After a period of careful deliberation, I chose to purchase a ZWO ASI 290MC astro-video camera. This camera has a CMOS sensor with 1936 X 1036 pixels 2.9 microns across, and is capable of exposures of up to 2,000 seconds duration, or more than half an hour. It is a one-shot color camera that although it isn't cooled, it can be used on deep sky objects as well as the Sun, Moon and planets for which it's designed. The camera also has a tripod socket and an auto-guider port to allow it's use through software as an auto-guider as well as a camera. In addition to the nosepiece, cap, cables and software, the camera also came with an all sky lens with a field of view of at least 150 degrees.
The software that came with the camera included Sharp Cap, which is an excellent software suite for controlling the camera and capturing video. The camera can also be used to take still images as well. Along with the camera, I purchased an Agena flip mirror to make locating objects and getting them in the camera's field of view easier and a filter wheel that for now will be mainly used for visual observing with the SCT. Recently I also acquired a atmospheric dispersion corrector and an IR-cut filter. The camera does not have one, and infrared radiation will be recorded along with visible light. That can contaminate the color balance of color images, and blur monochromatic images due to infrared light not being focused by the telescope in the same way as visible light.
The flip mirror has T-threads on the rear port, so I screw the camera directly to the rear of the flip mirror. The front nosepiece is inserted into the telescope's visual back or a Barlow lens when more magnification is needed. The eyepiece drawtube has a helical thread for adjustments to enable the eyepiece and camera to reach the same focal plane. I also bought a short extension tube to ensure I will always be able to get the eyepiece and camera in focus at the same time regardless of what eyepiece I use in the flip mirror. It takes a 6mm eyepiece to approximate the field of view the camera sees through the telescope. I use my laptop to capture the video and still images then transfer them to my more powerful desktop for processing.
This shot of the craters Cyrillus, Theophilus and Catharina was one of the best astronomical images I have ever taken. In addition to the flip mirror and camera, I used a 2X TeleVue Barlow lens to achieve the needed magnification to frame the scene. Note the numerous small craters and the shallow troughs in the area.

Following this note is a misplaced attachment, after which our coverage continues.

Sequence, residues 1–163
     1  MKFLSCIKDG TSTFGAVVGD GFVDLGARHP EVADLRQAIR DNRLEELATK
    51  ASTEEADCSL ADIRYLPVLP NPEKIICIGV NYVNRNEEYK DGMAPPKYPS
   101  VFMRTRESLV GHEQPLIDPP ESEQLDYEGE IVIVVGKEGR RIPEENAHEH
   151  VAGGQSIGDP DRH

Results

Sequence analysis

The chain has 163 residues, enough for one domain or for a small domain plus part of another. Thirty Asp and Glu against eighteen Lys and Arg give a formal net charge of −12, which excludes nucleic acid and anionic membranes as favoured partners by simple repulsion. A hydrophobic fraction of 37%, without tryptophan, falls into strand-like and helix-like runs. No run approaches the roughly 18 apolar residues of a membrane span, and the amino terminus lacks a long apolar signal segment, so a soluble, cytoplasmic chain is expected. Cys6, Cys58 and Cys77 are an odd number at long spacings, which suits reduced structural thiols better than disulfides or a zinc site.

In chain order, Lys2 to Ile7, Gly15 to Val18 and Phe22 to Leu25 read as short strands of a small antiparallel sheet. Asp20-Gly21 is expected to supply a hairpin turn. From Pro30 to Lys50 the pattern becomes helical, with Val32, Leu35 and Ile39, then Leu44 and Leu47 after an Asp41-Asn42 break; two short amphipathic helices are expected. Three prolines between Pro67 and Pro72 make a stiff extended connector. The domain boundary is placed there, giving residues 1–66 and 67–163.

This flooded crater is surrounded by rugged terrain saturated with other impact craters. Except from the two other craters that overlap it, the crater's floor is relatively flat and dotted with tiny craters. The central peak is the oblong mound in the center.
Although my main interest is imaging the moon and planets, I found this camera is a capable imager of double and multiple stars. This picture is of Epsilon Canis Majoris, or Adhara during poor seeing. The eight magnitude companion is readily visible.
This feature is known as Grimaldi, which lies along the western limb of the moon. It's best seen just before full moon and when the moon is a thin waning crescent. Like the maria of the Moon, it's a lava flooded impact basin.
This is a wide area photo of Oceanus Procellarum, Grimaldi and the terminator one day before full moon. Like most of the photos, this one was taken at the full 1936 X 1036 pixel resolution.
These craters are also visible in the wide area photo above. Numerous shallow rilles abound, including two straight rilles nearly at right angles in the larger crater, as though they're runways at a major airport.
This image was taken during first quarter moon a week before of the terminator along the southern highlands.
This wide scale image of the southwestern limb includes the craters Wargentin and Schiller. Note that basaltic magma has flooded some craters in the area.
The closer image of Wargentin shows the crater was filled to the brim with lava until it overflowed onto the surrounding landscape. Because of this, it is now a circular mesa or plateau.
This is a close up of the double star Sirius and it's white dwarf companion. I have seen this star visually, but with difficulty under anything less than very good seeing and larger apertures. Through my 8-inch Celestron and this video camera, it appears readily even though the seeing was poor that night.
This image shows the rilles Rimae Hyuginus and Triesnecker. The pits along Rimae Hyuginus are not impact craters, they are volcanic collapse pits. They have no raised rims while the impact craters do. These rilles were formed by volcanism and tectonic forces.
This image shows the Alpine Valley to the left, and a flooded impact crater to the right with two more craters within its rim.